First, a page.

It was a big deal when Fortnite racked up 40 million players by mid-January, but that figure now seems downright quaint. As of November, Epic Games' battle royale shooter has obtained 200 million registered players -- that's five times as many players in less than a year, and a 60 percent jump from the 125 million it had in June. Not all of those players are active, but Epic also recently hit a record of 8.3 million concurrent players. Even if some of those 200 million users only touched the game once, many others are playing on a frequent basis.
It's easy to see why Fortnite would grow so rapidly, and not just because it's free-to-play. Apart from its presence in the cultural zeitgeist (you know it's mainstream when Big Bang Theory, Saturday Night Live and World Cup players reference it), it's simply available on many more devices than it was at the start of 2018. Between the wider iOS release in April, the Switch version's arrival in June and the gradual expansion of the Android beta over the past few months, it would almost be harder to find a place where you can't play a round or two.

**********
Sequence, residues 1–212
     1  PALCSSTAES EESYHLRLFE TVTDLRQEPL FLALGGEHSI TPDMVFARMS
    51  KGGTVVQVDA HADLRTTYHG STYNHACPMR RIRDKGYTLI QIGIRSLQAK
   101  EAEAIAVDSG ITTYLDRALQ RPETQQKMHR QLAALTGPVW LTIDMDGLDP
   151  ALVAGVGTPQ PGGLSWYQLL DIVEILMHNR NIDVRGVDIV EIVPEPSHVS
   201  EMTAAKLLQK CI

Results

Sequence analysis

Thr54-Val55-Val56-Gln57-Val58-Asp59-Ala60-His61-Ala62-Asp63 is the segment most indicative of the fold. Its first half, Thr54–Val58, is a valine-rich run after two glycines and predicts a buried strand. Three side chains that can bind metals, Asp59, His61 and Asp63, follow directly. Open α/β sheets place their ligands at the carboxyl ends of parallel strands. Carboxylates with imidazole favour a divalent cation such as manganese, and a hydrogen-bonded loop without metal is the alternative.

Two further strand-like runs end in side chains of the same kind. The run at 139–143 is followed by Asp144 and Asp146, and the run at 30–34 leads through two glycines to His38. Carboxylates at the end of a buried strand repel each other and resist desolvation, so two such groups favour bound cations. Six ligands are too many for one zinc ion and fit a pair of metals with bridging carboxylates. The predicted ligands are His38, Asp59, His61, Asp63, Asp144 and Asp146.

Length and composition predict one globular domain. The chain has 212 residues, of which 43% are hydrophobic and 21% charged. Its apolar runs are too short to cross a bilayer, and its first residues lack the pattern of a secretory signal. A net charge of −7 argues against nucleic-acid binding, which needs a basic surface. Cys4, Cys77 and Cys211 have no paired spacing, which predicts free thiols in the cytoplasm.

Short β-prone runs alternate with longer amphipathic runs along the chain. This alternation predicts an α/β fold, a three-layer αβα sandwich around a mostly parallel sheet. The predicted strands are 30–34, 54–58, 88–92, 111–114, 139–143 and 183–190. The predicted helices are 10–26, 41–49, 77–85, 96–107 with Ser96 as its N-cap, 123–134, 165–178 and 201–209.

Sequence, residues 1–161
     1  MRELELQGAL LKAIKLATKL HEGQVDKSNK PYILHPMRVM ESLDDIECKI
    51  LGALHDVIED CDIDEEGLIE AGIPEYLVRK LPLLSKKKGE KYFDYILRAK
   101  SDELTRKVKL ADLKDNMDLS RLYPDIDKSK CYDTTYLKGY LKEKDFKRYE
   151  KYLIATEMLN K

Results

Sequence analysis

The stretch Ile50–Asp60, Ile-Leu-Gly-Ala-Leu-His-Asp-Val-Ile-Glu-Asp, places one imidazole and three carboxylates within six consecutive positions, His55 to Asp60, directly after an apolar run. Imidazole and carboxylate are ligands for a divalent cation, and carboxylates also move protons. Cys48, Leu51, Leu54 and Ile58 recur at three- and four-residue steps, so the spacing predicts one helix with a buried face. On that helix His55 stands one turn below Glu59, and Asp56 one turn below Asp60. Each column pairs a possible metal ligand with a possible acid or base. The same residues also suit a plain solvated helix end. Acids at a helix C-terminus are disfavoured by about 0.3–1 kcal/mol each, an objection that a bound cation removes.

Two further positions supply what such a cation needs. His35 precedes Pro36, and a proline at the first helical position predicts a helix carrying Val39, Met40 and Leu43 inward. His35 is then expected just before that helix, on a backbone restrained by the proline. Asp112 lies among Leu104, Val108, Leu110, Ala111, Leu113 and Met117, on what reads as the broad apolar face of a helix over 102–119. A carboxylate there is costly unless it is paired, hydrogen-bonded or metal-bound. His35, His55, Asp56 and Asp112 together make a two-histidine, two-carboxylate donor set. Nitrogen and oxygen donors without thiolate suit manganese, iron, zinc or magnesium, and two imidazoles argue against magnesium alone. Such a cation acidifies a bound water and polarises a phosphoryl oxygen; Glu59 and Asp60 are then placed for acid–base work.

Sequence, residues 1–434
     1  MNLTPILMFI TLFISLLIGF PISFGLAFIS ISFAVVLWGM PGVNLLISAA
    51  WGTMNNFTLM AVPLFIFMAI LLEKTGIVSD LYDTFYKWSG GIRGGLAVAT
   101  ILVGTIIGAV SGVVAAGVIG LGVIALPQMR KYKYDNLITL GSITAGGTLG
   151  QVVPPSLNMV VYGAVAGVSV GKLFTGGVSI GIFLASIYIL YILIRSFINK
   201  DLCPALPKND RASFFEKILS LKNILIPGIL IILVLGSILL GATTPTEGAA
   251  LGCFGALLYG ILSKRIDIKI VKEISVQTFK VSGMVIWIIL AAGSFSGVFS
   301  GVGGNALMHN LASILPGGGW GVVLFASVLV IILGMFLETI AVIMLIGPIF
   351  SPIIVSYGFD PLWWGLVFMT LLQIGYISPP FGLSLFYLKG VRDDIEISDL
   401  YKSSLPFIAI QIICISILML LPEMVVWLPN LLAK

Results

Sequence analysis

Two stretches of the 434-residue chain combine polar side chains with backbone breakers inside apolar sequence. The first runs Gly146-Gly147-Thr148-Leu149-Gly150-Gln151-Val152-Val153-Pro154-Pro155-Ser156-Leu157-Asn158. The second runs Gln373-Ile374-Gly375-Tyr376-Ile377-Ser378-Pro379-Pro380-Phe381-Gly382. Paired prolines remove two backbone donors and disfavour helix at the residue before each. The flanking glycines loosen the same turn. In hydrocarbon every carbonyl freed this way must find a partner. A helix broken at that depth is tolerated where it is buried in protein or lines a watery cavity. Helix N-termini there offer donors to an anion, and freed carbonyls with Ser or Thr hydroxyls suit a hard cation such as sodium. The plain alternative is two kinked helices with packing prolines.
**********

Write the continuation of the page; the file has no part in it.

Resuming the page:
For Epic, the question isn't just whether it can keep growing its user base, but whether it can sustain that interest once growth slows down. It's trying, at least. There has been a steady stream of limited-time modes to spice up gameplay, and the company has poured $100 million into esports tournaments. The developers know they can't afford to rest on their laurels, and they're willing to spend a lot of cash if it keeps people coming back.